Black women done did it again!
Tuesday, December 12 is the day that Doug Jones defeated Roy Moore in the Alabama election for the Senate seat. For Sparknotes, Roy Moore has been accused of child molestation and sexual assault and yet was nepotistically backed by Trump and accrued 63% of votes from white women.
(Blink if you aren't shocked.)
Jones came through with the win after 98% of black women voted for him, and as a result, Twitter has been in a frenzy. Black women has become the trending topic with tweets ranging from thank you's to congratulatory messages uplifting the supremeness of black womanhood.
Black women carry this nation on their backs.— Lydia Polgreen (@Lydia Polgreen)1513135789.0
Let me be clear: We won in Alabama and Virginia because #BlackWomen led us to victory. Black women are the backbone… https://t.co/9k7oM5WoCa— Tom Perez (@Tom Perez)1513179351.0
94% of black women voted against Trump 98% of black women voted against Moore #BlackWomen are WOKE. Now the rest… https://t.co/N3VEBF4ysZ— PROUD RESISTER 👊 (@PROUD RESISTER 👊)1513178435.0
Throughout history, black women have always been on the front line: The Civil Rights Movement, suffrage, and now the need for democratic voices in white-supremacist states. Some would say "it is not — and should not — be Black women's responsibility to stamp out white supremacy and misogyny that is so deeply embedded in our country," but rather our responsibility to assert ourselves and demand a reason why white men and women are not doing their part in disassembling institutional racism in our country, or creating a space for Black women to exist. Period.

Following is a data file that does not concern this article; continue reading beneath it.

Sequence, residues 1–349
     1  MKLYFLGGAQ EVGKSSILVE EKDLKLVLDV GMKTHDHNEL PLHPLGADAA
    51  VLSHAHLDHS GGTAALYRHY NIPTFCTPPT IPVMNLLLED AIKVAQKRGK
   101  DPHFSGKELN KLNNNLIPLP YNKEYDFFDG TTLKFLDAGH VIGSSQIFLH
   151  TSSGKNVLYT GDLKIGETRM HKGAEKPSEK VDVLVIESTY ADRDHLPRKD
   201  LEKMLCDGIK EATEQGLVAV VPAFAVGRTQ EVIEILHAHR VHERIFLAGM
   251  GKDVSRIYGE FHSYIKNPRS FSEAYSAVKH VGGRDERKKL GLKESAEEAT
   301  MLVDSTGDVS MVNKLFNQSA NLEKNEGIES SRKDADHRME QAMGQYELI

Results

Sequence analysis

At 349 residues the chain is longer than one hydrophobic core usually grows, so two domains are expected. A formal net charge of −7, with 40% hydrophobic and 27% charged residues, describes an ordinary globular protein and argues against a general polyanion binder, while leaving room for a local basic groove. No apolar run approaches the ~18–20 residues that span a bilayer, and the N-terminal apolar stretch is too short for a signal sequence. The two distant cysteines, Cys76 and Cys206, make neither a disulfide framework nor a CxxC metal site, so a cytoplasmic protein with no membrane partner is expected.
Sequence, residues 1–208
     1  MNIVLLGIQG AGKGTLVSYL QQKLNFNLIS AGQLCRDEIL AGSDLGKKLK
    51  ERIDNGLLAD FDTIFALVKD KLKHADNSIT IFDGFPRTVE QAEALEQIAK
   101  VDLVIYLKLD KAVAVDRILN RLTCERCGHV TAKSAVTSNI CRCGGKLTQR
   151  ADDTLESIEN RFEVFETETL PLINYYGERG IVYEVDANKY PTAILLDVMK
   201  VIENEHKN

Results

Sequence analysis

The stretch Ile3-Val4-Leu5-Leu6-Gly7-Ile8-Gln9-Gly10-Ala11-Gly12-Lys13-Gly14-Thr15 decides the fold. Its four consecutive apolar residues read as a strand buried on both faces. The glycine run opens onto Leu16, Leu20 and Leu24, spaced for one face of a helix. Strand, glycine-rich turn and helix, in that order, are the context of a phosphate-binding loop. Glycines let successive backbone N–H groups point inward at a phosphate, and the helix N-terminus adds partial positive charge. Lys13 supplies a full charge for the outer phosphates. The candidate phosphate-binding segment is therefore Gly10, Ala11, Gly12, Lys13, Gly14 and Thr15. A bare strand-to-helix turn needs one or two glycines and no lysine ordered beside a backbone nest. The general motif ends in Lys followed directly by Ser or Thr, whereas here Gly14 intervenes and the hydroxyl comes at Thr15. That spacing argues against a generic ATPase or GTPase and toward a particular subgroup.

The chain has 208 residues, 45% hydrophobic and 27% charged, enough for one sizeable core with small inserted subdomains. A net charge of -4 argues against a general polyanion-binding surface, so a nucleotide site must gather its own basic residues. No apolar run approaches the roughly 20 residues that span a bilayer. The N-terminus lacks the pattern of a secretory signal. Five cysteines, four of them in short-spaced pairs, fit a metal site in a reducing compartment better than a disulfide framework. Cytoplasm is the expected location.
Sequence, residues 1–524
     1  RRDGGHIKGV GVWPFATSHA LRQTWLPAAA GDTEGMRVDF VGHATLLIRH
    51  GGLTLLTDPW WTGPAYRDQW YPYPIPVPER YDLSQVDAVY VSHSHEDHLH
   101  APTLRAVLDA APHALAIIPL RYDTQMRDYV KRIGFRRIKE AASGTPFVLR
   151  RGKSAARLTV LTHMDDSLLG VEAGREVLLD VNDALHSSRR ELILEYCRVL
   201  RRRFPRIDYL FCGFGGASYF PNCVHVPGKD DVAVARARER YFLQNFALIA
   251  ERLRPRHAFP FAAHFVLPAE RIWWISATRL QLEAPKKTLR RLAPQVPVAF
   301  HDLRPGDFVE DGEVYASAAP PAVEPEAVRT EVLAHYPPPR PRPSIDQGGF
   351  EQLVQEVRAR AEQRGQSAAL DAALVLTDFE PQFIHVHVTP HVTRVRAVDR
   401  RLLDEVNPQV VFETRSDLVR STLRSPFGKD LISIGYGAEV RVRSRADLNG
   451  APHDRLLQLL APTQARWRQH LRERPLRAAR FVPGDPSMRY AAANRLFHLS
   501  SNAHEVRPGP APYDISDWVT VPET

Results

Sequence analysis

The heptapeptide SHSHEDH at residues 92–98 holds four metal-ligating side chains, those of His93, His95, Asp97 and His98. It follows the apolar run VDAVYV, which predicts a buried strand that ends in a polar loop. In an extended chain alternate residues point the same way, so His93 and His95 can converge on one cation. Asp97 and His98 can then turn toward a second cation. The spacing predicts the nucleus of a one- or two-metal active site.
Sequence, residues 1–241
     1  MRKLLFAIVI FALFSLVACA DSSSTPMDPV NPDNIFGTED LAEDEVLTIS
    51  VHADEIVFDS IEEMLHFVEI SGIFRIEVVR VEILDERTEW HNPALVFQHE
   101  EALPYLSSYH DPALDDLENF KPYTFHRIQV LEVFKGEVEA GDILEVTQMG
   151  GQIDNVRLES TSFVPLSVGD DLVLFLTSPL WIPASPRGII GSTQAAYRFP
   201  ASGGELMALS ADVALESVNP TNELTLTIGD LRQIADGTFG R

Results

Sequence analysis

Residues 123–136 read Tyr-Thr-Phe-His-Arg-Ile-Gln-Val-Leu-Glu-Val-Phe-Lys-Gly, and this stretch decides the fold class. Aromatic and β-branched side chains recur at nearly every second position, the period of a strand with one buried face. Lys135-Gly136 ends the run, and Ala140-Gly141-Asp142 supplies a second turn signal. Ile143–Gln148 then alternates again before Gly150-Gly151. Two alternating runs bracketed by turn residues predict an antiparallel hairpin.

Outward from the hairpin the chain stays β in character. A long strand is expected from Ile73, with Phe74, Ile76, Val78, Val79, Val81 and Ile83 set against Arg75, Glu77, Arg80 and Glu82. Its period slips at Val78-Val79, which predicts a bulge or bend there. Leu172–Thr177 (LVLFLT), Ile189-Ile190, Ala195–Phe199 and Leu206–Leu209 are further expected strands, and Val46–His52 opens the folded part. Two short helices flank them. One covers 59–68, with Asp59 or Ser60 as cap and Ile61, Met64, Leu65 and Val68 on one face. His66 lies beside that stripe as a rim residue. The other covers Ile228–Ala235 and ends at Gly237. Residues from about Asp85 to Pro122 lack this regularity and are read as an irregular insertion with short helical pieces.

It's easy for us to say "I told you so" after another victory in the face of white supremacy. We Olivia Pope'd it TF out. So why is it so hard not to play devil's advocate?
For non-Black folks praising Black women in tonight's election - do more. Support Black women. Stand up for Black w… https://t.co/IleOJzcMum— ReBecca Theodore-Vachon (@ReBecca Theodore-Vachon)1513137552.0
With all the above true, I still say that this is a beautiful moment to recognize our strength as Black women, individually and as a collective.
It is not fair that we have to work twice as hard to be noticed, rewarded, or recognized. I am stating this as a realistic truth, but I do believe that there is a power in recognizing this moment as a space for unity.
We know we carry the nation on our back.
Rather than suck our teeth and clapback at the fact that it took them 100+ years to see our magic, it's more important for us to understand our power and continue to push those questions to the same figures who are writing tweets to call out our power that we've had for forever.
Are you going to hire us? Pay us what we deserve? Invest in our ideas? Elect us into leadership positions?
I believe in the hope that this moment holds and the realism that it implies: black women are leaders. Let us lead. Yes, we told you so, but now it's time to embrace the power we hold and use it to our advantage.
Invest in us.
Because you've seen what our magic can do.
Thanking Black women is not enough. Trust black women. Follow black women. Elect black women. Defend black wome… https://t.co/O2cLv9opO5— Faiza N. Ali (@Faiza N. Ali)1513187357.0